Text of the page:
| Sunday.
Miss Grayce Shelly, of Washing- j
| ton, is spending several days at New i
| Cumberland.
New Cumberland, Pa.. Nov. 26. >
A hearing was held at Squire Eleh- \
tnger's yesterday afternoon in tlie !
case of Earl Gise and Howard ;
Houck, who destroyed many articles I
iit the homes of John E. Fox and i
Willtum Pearson, near town, in de- ]
I fault of bail, Gise was taken to Car- j
; lisle, and Houck was bailed for his \
' appearance at court.
New Cuinlicrland, Pa., Nov. 20. ■
lA Union Thanksgiving sermon will
she held in tho Church of God, on
I Thanksgiving morning at 10 o'clock,
j The Rev. David S. Martin, of St.
Paul's Lutheran Church, will deliver ;
| the sermon.
\cw Cumberland, Pa., Nov. 26. — j
A Love Feast will be held in Raugh- j
man Memorial Methodist Church on I
Wednesday night.
f —;
Dives,Pomeroy & Stewart
BeautifulQifts For Homekeeping Friends
in the Section of Framed Pictures
A picture is a thing we do not forget—a work of art to see" 5 "" - ' 1
and enjoy for years and years. Surely this is a gift of last- | J*
ing beauty. See the beautiful Nutting and Davidson gift 8
pictures of rare charm and artistic excellence.
Nutting Pictures at $8.50
Size .18x22 inches, mahogany frames—subjects 1 /
include ' T — - Ij f-°-ts.o_<
__ Mrkspur Entering Waters J[f-b_ _
• li Honeymoon Drive Vinalli Pergola fianßS- -j! lyl |M_i
■ The Call of the Houtl Brookshle Bloom r j
/f ————— Maple Sugar Cupboard A Caponietl Koail 1 Jj|| ||||![|jni IrLg.afe* 0 I
Dives, Pomerou & Stewart Nutting Pictures at $5.00 I
" 14x17 inches, mahogany and neat gilt? frames— i
. jects include—
Dainty Gifts For a Woman-Silk iaEBSx
Hosiery and Silk Underwear O&fajh yrotlx 65^-¥1 - so : !pl : Ts^^ 26 r 30^n f u .
lIUOIUIJ C4IIVA kJUIV W vv v/w v IUI UIL U1 Davidson Pictures in many beautiful landscape and interior reproductions, all hand
aS_,S ° f the - SC gi " y thi " gS ° f Cha ™ "I" 1 UtUi, ' V /\ CO, °ColoS Mirrors hi gilt and mahogany framed ? 2 .50, ?3.50,'
■sffiMflßl \ are incomparable in their completeness and style variety. And / \ $7.50.
StsmMvic: \ . . ■ .. * ~ . 11 I \ \ Hand-colored Mezzoproofs at $5.75, 20x24 inches, gilt frames, subjects
jpPpp v . every woman cherishes the hope that some dear friend will /- \ \ include—
ykflt remember her with just such exquisite things on Christmas. / —-- —. | Lo,,c Wolf Holland Flower Girl simplicity
si ®vl* I ( \ ! Darby and Joan Ruth and Naomi Ago of Innocence
Ask Thread-silk boot out-size hose. | Fancy clocked silk liose, vasli- 1 I J J Harp of the Winds Royer's Madonna Watts' Hope
j fashioned feet 80c ioned feet, black with white \ I I Avenue of Trees Eerrtizzi's Madonna The Storm
V jf how, fashioned feet si.sn clock. " n<l * w " v "' „!!'?,- \ j Mezzoprints at $3.25 —beautiful reproductions in evarm loites, gijt and mahogany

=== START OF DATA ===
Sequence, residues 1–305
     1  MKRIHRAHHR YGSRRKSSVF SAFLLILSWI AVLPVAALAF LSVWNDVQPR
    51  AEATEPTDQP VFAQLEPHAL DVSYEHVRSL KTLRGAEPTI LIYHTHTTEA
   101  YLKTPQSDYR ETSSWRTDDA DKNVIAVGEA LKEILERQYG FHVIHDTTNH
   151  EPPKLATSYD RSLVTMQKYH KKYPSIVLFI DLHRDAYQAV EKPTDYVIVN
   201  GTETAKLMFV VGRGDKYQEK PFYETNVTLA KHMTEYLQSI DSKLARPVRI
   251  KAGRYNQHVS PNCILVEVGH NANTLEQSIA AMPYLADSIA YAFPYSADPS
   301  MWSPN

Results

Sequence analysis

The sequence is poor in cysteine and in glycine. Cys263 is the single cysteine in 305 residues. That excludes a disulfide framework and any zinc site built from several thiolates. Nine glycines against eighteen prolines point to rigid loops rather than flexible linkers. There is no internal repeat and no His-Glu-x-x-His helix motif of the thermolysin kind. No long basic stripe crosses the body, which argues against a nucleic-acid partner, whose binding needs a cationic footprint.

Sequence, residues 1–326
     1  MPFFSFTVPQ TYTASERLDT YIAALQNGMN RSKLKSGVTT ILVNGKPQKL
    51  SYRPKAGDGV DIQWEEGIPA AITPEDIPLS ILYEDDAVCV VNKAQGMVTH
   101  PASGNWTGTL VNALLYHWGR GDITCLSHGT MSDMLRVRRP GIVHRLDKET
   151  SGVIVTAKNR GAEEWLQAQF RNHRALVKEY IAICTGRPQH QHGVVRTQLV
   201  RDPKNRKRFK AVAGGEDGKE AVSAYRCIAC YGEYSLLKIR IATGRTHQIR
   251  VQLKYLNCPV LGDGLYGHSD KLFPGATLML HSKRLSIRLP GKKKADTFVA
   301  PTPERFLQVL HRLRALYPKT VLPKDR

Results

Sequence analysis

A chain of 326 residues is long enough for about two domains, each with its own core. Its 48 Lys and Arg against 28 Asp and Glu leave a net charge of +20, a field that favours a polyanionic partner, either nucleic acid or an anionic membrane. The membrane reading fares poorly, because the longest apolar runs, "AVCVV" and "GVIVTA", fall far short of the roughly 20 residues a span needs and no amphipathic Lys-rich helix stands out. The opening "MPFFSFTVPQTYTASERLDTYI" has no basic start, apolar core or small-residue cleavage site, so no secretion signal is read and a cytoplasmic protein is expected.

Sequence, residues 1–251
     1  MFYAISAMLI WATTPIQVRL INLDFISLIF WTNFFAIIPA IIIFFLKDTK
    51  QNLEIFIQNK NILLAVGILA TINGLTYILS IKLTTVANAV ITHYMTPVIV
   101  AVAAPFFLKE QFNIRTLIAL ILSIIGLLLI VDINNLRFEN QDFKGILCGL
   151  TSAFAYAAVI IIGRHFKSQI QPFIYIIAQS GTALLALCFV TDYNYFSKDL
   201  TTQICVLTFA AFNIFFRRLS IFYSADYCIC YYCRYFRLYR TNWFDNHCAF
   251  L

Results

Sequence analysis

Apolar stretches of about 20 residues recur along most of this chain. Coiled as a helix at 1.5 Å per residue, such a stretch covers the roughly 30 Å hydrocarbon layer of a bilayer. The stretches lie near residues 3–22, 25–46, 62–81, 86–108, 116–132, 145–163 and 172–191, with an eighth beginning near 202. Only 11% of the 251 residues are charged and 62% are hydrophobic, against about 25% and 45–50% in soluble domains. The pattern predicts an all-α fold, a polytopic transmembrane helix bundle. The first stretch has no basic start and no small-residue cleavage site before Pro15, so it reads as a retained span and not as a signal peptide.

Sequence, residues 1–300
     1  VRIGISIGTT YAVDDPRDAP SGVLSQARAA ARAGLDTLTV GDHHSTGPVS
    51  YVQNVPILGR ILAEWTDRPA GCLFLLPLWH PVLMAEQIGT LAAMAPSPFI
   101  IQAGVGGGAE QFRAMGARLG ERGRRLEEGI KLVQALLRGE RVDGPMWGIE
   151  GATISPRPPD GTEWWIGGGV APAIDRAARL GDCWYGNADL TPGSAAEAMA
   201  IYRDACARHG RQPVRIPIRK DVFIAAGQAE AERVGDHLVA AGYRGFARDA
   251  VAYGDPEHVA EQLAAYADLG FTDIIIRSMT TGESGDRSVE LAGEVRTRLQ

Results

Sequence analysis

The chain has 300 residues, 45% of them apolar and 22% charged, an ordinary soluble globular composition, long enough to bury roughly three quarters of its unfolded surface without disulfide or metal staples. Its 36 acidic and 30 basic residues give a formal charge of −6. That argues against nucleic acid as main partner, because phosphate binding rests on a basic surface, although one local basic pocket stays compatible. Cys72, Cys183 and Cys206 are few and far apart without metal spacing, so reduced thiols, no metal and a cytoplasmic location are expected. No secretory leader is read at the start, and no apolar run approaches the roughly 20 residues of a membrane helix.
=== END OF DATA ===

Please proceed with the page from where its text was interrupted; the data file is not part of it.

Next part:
WSear hit:.'whit. h o™S | \ K&\ mm / (rames ' 14x17 inches, subjects include-
I St bro ' d '" d ... h ™./*" h S \ The !• Ton™ Itcton.,The fit™,.,™
. _, . ~. , . r r I ' \ iWBSr / Madonna of the Choir SMlnc Madonna Th" ,S,t Sheep
Pink and White Silk Underwear \
• Six Greatest Moments of a Girl's Life, neat pink and blue frames sl.oO
Pink silk bloomers ! White lisle with pink silk top J White silk wool vests and Dives, Pomeroy & Stewart. Millinery Floor.
p,„n j,rr,'s £S- rrcnrrir
ck. hn„n„h. iM , j cvhen.it was so simple to choose delight- Fine Sport Hats and Untrimmed Hats
Dives, Pomeroy & Stewart, Street Floor. ful gifts that for all their utility would
f —-".am: t sec"""'";.he Show Interesting Reductions
fourth floor will reveal a wonderful dis- „. „ . t-t . T-> j A
play of beautiful gift pieces o'f such excel- Fine Sport Rats Reduced , t
lence and beautiful workmanship as to \ number of line velotir and other sport hats in light shades have been
'jSjpk assure life long association of pleasure- reduced to effect a clearance before they become soiled from handling.
- CEDAR CHESTS $l2-00 whlte f e it hat witu pj ne Untrimmed Hats
ikpz /z/lV'v JJtjT Not mere boxes but furniture in tlie true { 1 fancy worstetl band. . „ . ,
senso of the Word, and so useful us well as ' Special, $((.50 KedUCed
n\ X f '' y Cedar chests, copper trimmed $16.50 | with black panne velvet fac- Hhupes ' wlth 10,01 speOal! $1.05
j'* \* ."i V- / HSPilii' Cedar chests, round corners, with tray. $22.50 j Kgm'i • I ing. Special $lO.OO $3.00 colored velvet hats.
Cedar chests ... .$16.50 to $49.00 1 ' $16.50 Turquoise velour hat itt r . h P<! > Cla 'i 'htu|
Mahogany smoking stands, fitted with ash | ' $16.50 white velour hat with $7,60 black Eyins l '' velvet
VNs^\ v rf tray, match box, cigar holder and drawer for j appllqued fruit on crown. shapes. Special, $5.00
V. \\ V /}\ V.M Smoking tra>s In brass, fitted with ash tray. , $2a.00 line grey velour with br^m. 1 Spectakf.. $6.80
' ]//> f V cigar holder and self lighter $1.05 > a PP ,|tl,,e<l btt,lß of b,ue al,k 0 "t- * to .oo tine Burgundy velvet
' ' ' < /' . . . . £. . lined with coral beads. shapes. Special $6.50
| ~ ~ " T=lcr Smoking stands in mahogany and fumed f&yaa . Special, $15.00 $7.00 purple turban shape.
oak $3.50 to $15.00 dttßßk % Special $5.00
What Would Christmas Be Without Toys? Black "X s h
Many toys arc being demonstrated in the Basement to show what wonderful things Martha w.,,cabinet., t s .u | j ,„c.
American ingenuity has evolved for the kiddies at Christmas. * * ' . $.50 sailors, special.. .$5.00 und school hats at.
Mahogany sewing table $0.50 $5,00 sailors. Special. , .$3.00 75c, $1.50 and $2.00
Wonderful Gyroscope schoenhut $7 50 Sandy Andy Toys Mahogany rockers $1.95 to $25.00 Dlves Pomeroy & Stewart , Second Floor> Front>
Top ' Indestructible doHs. Sand mills 69c Leather rockers $15.00 to $75.00 ' ' <
The inoM Instructive In.tru- rtotl bed. .... *S m JTM WMmlKn'mi: V.'.V.'.'.'VS M.hognny llhrhry tnblcn... II.M to Wl.oo . \ .
. . >"" Thankse , ivi'nfi r Salp of China
defying top in action. Special, T-,. .' . Tinker Toys Brown liber chairs and rockers, spring seat _l_ llUfilllUfci V J.J.IW Vi VilUltv
25c Electric 1 rains and loose cushions In fancy cretonne $9.95
Tintograph Mffcln C o tratnB, ' S ili s oo t ? , i2 no merry gd" round! Brown fiber library rockers in tapestry, $12.50 Decorated tutkey platters In Nippon decorateik china 7- i Sherbet glass, floral cutting,